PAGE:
“Funny, no. And you, I’d like to talk to you more.”

“You can, I’m always here.”

“But, it’s not the same. I don’t know how you feel.”

“How I feel? Well I’m worried about you. I think you need a companion.”

“Like a dog?”

“Well, no, someone you can talk to.”

“A person? No. I’m not ready. I can’t.”

“Why?”

“What if they…”

“Don’t like you? I’m sure…”

“No. Judge me. No not judge, I mean. Look at me the way that I feel about those people. The ones out there.”

“Perhaps we should try. Then you can see.”

“Wait. The doorbell has gone.”

“Answer it.”

“Why? Who’s there?”

“I am. I’ve come to stay with you.”

###

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The Old Ways

A slightly different angle for me.  I’ve described it as gentle.

 

The Old Ways

“What do you think Carol?”

“You look great, a little old-fashioned perhaps, but the barber did a fine job. Did you go to a different place? Usually you look a little like that sheep we tried to shear a few years back.”

“That’s not fair, I’ve never looked that bad, still I’m glad we have Matt the Shearer these days. But no, it was the usual place, but it was a new person. Though it was a little odd.”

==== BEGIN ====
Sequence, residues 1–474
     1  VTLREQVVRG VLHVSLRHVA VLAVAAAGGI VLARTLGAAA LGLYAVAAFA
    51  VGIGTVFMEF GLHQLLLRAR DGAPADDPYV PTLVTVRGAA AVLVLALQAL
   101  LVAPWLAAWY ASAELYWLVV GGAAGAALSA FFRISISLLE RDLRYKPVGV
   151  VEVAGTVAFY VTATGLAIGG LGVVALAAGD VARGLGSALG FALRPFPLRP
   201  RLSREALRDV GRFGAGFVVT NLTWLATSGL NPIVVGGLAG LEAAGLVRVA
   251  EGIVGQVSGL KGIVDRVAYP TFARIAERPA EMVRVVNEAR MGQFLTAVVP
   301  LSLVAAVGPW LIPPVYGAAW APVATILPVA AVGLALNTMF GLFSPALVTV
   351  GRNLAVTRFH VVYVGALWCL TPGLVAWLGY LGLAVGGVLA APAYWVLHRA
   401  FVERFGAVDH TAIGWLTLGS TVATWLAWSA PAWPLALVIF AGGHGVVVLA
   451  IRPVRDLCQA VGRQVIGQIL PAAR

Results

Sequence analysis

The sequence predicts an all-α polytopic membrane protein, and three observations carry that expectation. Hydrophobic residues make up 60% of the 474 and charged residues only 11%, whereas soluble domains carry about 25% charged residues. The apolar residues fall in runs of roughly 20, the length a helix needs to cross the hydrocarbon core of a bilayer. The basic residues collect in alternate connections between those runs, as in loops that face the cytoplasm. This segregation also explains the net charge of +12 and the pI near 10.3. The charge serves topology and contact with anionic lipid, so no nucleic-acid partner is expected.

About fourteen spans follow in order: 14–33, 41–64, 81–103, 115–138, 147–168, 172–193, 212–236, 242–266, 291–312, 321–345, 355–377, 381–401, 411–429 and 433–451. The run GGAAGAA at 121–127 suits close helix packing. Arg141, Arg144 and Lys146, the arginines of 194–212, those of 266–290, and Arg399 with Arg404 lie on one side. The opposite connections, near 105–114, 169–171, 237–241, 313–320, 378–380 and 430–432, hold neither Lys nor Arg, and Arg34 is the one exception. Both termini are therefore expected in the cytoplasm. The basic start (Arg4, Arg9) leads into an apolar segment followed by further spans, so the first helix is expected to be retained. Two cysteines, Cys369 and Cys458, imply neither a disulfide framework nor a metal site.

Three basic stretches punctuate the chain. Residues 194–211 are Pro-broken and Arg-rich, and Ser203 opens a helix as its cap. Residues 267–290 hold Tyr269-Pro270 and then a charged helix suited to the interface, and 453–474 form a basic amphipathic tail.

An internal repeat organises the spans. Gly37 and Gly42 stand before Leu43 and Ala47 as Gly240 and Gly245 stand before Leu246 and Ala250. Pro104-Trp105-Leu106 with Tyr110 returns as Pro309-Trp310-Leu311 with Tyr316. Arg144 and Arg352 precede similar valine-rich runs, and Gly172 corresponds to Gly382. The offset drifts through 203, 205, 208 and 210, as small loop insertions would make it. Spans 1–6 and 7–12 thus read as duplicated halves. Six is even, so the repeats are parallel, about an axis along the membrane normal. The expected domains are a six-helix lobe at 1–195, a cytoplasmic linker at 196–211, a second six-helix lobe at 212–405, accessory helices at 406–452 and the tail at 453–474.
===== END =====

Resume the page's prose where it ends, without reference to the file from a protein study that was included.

“Odd, how? Cup of tea?”

“A cuppa would be lovely. Difficult to put my finger on. Well for one thing, I’m not sure if it was a man or a woman.”

“Don’t be silly Gerald, you must have been able to tell.”

“No, really. He, I’ll call him he, had a scarf over his face, and gloves. It was cold in there and he apologised, apparently the heating conked out this morning. He had a long coat on, and I think he was wearing a wig.”

“That does sound a bit strange.”

“Hmm, no, there was more to it.   He didn’t use the clippers at all, just scissors, and the cut-throat razor. I can’t remember the last time I had a hair cut without clippers, and none of the barbers use the cut-throat any more. I think they keep them these days just there for show.”